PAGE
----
Hugo Barros’ inventive and playful collages are a quirky, enjoyable and charming hit.
Hugo Barros’ work is a progression of fantastic and playful collages. Hand-cut and pasted rather than using digital manipulation, his artworks have a real charm and consideration about them. You get a real sense of the artist skilfully working around the restrictions of being unable to resize and colour his materials. Elements of his images are often grouped together because of their scale or the lighting suiting each other, rather than subject matter. Despite this, some of his works are fantastic – one particular scene of an open-air concert audience sat amongst mountaintops, beneath a blurry, out of focus, starry sky is a real gem.
By Joe Meldrum
A Collab with HUGO BARROS
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Hugo Barros’ collages are old fashioned cut and paste pictures that draw their inspiration from film, music, psychedelia and surrealism, his compositions leaving us wondering whether we’re inside or out, trapped within or free without.
While the subject varies the elements on which Barros builds his foundation is constant. Architecture and our relationship to the world around us is constantly being challenged through the clever juxtaposition of structure and space, colour and light, organic forms and geometric shapes all commingled in a surreal world that lives in a space between our subterranean fears of the unknown and the possibility that exists within our dreams.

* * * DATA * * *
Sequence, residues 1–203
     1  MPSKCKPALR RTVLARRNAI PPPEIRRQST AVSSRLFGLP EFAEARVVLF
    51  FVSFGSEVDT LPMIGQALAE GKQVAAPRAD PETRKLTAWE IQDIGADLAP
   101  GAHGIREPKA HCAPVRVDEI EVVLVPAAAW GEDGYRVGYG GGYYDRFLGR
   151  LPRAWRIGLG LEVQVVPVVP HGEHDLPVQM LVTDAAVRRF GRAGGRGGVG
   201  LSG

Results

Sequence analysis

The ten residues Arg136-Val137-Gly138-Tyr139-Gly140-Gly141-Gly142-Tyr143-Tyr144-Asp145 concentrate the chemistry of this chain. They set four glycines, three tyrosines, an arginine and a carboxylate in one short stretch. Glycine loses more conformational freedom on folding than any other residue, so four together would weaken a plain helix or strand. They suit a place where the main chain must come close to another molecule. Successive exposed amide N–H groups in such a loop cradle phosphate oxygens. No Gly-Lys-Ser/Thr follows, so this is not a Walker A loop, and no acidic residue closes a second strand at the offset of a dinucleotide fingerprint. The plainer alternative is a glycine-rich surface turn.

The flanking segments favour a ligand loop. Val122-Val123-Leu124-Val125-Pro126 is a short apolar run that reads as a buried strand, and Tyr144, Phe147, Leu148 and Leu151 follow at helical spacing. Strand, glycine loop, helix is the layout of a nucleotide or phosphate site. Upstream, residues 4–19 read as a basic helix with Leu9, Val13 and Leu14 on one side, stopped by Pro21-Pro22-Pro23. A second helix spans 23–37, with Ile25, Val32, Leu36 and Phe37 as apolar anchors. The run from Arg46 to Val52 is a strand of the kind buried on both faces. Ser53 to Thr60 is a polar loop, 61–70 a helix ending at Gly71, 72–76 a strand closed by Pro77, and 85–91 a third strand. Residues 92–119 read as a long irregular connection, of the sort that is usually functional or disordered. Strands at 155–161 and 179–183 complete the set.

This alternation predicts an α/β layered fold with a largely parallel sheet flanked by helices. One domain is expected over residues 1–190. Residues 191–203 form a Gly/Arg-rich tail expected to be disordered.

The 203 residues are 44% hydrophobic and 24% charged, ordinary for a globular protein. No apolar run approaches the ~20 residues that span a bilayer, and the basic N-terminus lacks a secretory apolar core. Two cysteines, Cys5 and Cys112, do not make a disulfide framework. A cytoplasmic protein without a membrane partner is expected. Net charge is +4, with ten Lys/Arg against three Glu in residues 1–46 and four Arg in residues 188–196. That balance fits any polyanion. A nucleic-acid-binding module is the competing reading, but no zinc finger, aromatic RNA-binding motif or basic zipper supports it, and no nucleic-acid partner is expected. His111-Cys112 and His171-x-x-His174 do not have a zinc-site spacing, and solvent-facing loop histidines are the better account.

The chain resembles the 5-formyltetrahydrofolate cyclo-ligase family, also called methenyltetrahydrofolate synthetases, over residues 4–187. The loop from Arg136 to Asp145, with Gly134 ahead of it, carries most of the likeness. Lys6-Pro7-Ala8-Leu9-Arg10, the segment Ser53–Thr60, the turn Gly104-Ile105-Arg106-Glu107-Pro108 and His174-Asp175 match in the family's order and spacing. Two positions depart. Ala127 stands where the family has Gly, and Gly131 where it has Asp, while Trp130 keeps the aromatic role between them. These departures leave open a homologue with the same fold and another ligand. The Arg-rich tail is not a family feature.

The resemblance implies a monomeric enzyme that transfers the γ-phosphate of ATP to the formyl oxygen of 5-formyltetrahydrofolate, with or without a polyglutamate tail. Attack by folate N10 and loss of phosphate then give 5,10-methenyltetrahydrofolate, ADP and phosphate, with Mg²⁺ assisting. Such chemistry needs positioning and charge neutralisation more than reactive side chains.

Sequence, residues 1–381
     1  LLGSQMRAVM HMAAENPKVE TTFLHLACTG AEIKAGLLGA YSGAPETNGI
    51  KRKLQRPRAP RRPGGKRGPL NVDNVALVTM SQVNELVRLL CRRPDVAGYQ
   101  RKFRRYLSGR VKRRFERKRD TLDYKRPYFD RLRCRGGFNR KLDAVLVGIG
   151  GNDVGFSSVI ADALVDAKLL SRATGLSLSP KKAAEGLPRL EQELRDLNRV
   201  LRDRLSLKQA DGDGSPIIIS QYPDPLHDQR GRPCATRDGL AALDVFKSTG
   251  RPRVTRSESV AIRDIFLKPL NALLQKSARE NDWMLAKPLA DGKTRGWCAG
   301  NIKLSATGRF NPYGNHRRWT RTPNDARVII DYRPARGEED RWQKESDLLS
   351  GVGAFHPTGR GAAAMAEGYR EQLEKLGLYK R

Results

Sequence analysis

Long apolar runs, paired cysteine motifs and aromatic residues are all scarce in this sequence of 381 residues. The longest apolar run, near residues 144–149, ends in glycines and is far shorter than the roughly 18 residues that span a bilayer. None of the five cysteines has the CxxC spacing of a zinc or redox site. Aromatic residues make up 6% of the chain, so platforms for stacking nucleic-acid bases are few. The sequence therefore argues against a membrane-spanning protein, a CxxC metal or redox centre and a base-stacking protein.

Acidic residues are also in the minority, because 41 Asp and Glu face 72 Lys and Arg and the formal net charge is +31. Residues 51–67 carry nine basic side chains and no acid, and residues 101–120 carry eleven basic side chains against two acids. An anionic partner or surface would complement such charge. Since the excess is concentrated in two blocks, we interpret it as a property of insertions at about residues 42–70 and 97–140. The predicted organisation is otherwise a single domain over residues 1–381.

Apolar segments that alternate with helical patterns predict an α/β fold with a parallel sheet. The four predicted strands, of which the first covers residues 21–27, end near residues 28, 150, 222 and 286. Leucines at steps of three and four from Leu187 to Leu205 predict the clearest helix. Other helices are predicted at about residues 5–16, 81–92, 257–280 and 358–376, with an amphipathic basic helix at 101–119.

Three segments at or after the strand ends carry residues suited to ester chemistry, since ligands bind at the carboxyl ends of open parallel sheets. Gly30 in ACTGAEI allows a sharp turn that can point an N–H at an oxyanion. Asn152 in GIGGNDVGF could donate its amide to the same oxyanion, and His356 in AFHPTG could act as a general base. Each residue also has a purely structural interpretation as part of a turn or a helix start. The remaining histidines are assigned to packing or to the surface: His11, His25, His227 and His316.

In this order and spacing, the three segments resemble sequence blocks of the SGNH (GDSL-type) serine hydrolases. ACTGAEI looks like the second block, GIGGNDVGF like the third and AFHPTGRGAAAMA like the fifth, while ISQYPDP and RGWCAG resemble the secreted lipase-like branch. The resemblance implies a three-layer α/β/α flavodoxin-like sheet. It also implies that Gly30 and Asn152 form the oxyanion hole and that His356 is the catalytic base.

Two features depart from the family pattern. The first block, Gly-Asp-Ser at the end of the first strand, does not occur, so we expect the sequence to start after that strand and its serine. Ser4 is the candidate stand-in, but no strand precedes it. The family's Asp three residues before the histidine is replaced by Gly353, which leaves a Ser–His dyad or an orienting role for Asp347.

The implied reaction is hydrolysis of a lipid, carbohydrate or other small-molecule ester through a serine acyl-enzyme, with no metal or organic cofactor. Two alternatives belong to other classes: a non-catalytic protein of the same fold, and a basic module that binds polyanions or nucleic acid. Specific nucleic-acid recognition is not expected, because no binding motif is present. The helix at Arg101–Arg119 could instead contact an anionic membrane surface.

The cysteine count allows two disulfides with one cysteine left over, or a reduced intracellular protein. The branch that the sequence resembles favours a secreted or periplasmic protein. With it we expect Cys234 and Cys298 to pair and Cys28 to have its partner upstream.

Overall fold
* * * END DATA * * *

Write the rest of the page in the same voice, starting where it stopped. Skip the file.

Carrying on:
Barros is a surrealist who uses dreamscapes to explore our relationships to the physical world, his love of the form and its laborious technique evident in his collages, his humour and twisted absurdist logic imbued in every picture. Here’s what he has to say about his work:
I believe people can easily create new things. It doesn’t necessarily have anything to do with art. What I do is not necessarily an artistic endeavor. Our everyday lives have a surreal nature. Levels of reality overlap constantly. Situations can appear calm and orderly, but behind them, there’s a surreal explosion of color that we often don’t want to see.
collaboration with Hugo Barros!